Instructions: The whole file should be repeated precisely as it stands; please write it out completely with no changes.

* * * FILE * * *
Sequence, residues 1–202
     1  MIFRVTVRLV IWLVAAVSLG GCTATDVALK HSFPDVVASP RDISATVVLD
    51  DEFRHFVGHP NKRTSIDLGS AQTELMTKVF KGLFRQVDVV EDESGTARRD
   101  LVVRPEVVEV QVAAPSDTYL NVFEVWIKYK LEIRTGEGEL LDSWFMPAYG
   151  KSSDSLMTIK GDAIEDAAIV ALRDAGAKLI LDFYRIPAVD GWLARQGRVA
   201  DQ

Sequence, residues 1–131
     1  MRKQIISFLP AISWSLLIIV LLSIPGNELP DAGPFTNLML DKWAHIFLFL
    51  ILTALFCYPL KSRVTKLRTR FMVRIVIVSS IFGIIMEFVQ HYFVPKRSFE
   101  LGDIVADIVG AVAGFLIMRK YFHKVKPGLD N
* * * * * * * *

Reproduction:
Sequence, residues 1–202
     1  MIFRVTVRLV IWLVAAVSLG GCTATDVALK HSFPDVVASP RDISATVVLD
    51  DEFRHFVGHP NKRTSIDLGS AQTELMTKVF KGLFRQVDVV EDESGTARRD
   101  LVVRPEVVEV QVAAPSDTYL NVFEVWIKYK LEIRTGEGEL LDSWFMPAYG
   151  KSSDSLMTIK GDAIEDAAIV ALRDAGAKLI LDFYRIPAVD GWLARQGRVA
   201  DQ

Sequence, residues 1–131
     1  MRKQIISFLP AISWSLLIIV LLSIPGNELP DAGPFTNLML DKWAHIFLFL
    51  ILTALFCYPL KSRVTKLRTR FMVRIVIVSS IFGIIMEFVQ HYFVPKRSFE
   101  LGDIVADIVG AVAGFLIMRK YFHKVKPGLD N